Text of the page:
The website Yout.com, something of an outlier in the stream-ripping ecosystem by virtue of fighting back, is challenging various countries’ attempts to block it.
The blocking orders coming amid accusations of the site’s alleged use as a piracy tool come in a bid to prop up large music labels’ interests and have so far had varied success around the world.
Yout is a “front-end” for the technology known as stream ripping or recording, that is used to save audio and video files of media streamed on the internet.
In its terms of service, Yout says that it is meant only for personal and non-commercial use and that the site enables its users to create a copy of accessible online-content “for the private, non-commercial use (‘fair use’)” – but that they are not allowed to publish this content again on the web unless the original owner authorizes them.
None of this has left any impression on the Recording Industry Association of America (RIAA), TorrentFreak reports, which has been going after this and similar sites with a vengeance, claiming that copyright is violated and pressuring countries around the globe to block these services providing an easy way to use ripping tools (which are otherwise available as programs users can run on their computers – the websites are merely a matter of convenience).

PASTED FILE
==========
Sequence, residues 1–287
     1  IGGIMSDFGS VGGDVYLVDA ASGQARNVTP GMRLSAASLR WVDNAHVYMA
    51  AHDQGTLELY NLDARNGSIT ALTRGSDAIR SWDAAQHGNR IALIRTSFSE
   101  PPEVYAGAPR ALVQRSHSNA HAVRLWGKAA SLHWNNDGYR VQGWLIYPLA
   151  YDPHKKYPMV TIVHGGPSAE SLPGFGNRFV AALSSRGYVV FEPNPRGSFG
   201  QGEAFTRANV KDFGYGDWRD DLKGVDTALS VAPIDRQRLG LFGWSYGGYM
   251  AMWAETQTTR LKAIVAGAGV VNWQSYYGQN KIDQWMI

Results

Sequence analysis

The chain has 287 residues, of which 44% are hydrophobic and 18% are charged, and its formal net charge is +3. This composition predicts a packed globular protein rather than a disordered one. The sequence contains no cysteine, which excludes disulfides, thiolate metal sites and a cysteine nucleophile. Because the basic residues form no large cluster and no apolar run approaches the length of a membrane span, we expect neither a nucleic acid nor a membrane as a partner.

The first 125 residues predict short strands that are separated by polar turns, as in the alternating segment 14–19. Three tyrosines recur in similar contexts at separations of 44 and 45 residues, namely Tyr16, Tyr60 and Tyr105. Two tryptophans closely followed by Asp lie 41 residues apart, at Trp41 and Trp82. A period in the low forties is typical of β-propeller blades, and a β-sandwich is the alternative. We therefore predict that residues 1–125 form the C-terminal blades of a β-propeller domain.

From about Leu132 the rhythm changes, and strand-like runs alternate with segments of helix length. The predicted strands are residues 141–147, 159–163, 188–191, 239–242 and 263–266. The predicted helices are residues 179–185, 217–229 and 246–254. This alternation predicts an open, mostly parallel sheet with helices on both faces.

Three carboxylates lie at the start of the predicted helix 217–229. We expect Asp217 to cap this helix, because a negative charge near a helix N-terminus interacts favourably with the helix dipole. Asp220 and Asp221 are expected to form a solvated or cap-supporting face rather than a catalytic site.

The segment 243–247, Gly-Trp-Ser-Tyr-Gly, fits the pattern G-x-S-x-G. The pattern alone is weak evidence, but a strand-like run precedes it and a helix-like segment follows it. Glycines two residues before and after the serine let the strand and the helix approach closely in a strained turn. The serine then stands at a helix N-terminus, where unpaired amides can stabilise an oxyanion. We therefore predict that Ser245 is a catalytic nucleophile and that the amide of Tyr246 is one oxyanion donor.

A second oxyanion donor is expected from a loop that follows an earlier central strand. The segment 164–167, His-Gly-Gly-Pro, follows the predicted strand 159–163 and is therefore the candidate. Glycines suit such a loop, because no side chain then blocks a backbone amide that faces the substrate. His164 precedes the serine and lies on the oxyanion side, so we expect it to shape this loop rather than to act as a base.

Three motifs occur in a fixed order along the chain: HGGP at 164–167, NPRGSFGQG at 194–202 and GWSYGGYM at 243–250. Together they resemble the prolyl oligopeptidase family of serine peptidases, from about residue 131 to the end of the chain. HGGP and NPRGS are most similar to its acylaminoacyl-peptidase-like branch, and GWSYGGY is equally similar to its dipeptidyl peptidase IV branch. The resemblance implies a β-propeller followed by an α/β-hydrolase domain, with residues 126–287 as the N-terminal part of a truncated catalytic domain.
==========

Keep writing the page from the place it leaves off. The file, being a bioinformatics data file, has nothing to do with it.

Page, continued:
In addition to this, there are licenses that explicitly allow for streamed content to be downloaded locally using this tech; the situation is reminiscent of the trouble the BitTorrent protocol and sites that use it have been facing for a long time.
Even so – stream ripping sites are in trouble from massive corporations, but Yout operator, developer Johnathan Nader, isn’t taking it lying down. He has so far challenged blocking attempts in countries as far apart as Brazil and Denmark, and is even suing the RIAA in the US, in a bid to have the site operate there legally.
In the meantime, Yout managed to successfully appeal blocking orders issued against in Peru – even if ISPs are yet to comply, and even if this victory may only be temporary, like in Brazil. But in Spain, the Supreme Court refused even to hear the site’s appeal.